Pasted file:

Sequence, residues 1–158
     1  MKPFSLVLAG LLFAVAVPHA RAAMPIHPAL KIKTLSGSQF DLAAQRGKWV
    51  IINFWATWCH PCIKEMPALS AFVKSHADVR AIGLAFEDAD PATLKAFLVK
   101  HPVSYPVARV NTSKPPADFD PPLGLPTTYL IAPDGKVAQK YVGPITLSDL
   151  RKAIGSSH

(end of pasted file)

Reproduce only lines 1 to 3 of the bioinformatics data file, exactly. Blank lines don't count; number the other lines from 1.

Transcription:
Sequence, residues 1–158
     1  MKPFSLVLAG LLFAVAVPHA RAAMPIHPAL KIKTLSGSQF DLAAQRGKWV
    51  IINFWATWCH PCIKEMPALS AFVKSHADVR AIGLAFEDAD PATLKAFLVK